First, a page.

Why organisational change is a bit like having an eating disorder
Yesterday, two consultant friends Andy and Kate and I were having coffee overlooking the beach and discussing organisational change: how to create the strategy and then execute it.All of the ideas and strategies are about the psychology of change, because we are dealing with humans and not robots.
A number of sensible theories were put forward, about how it starts at the top and has to be modelled by the leaders. And even how it starts at the bottom and has to begin with the customer facing staff.
The sheer variety of theories, each of which sounded more sensible and “right” than the last reminded of when I was studying anorexia during my Psychology degree.
I read no less than 7 different theories of anorexia, ranging from ones blaming brain chemicals, to ones relating it to the relationship with the parents, evolutionary programming gone wrong, even complications at birth. My point is that reading each one in isolation leaves you convinced that it’s right. We see the supporting information and don’t think too much about what might disprove it.
And theories of organisational change are like this too, we hear one, get a sudden flash of insight and grab onto it. Until we hear a different one and then our brain grabs onto that. Which is a problem, because there are elements of right and wrong in them all, and anorexia (and organisational change) are not as simple as we might hope.
When it comes to looking for solutions to executing change, I’m going to extend the eating analogy and look at dieting. Most of us know that losing weight requires a lot of effort in a number of areas (portion size, number of meals, food type, exercise, not sitting down as much) and there isn’t really a magic bullet. But every time a new diet comes out (Eat All Day Long: The abs diet for women!), or a new health food emerges (goji berries!) many of us rush to it hoping against hope that here it is the magic bullet after all!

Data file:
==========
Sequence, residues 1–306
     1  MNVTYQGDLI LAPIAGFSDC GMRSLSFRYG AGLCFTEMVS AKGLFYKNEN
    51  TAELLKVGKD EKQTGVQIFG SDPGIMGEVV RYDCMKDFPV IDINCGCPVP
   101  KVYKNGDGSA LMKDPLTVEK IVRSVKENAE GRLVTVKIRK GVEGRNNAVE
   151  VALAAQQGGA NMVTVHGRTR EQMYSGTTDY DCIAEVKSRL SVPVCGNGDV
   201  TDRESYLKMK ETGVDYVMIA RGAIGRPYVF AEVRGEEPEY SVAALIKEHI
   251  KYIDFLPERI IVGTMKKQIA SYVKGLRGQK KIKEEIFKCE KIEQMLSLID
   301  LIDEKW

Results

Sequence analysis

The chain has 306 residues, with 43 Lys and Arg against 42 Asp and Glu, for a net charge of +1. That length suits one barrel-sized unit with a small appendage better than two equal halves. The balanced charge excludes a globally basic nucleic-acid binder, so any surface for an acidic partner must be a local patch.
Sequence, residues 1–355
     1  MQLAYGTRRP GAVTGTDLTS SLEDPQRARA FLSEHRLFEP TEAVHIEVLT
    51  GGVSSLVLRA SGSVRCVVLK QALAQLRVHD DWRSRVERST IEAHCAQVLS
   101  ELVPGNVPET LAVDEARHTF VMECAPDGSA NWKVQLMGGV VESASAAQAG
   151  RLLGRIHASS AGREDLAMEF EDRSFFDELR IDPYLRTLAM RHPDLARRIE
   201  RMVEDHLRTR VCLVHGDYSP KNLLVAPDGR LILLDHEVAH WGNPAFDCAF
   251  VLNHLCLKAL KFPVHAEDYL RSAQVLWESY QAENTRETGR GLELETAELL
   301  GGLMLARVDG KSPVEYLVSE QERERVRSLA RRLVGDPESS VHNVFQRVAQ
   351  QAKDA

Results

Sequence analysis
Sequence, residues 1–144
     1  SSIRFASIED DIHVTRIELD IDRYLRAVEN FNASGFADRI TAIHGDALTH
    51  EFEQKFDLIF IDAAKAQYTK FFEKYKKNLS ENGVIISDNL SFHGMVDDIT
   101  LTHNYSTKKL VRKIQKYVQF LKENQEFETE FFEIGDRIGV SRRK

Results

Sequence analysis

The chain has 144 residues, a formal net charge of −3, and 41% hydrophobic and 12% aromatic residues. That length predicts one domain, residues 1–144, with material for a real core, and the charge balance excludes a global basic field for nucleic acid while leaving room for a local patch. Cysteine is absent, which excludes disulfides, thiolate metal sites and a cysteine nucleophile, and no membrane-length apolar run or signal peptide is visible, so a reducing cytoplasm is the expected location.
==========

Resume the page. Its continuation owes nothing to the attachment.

Likewise with organisational change, we hear of a new technique (Blue Ocean Strategy! Lean Start Up!) and we get all excited that this time we’ve found the magic bullet for becoming Apple. Or Google. Or Virgin.
But we invariably discover that it isn’t that simple, if the organisation needs to go on a diet, it needs to have a full view of the theories, and understand that execution requires discipline and effort across a number of areas.
Linking back to my speciality, decision-making, we can see that deciding upon a strategy for change needs proper interrogation of the options. And research shows that executing the change needs to have everyone agreeing that the decision process was fair and they were listened to.
Posted by Rob Pyne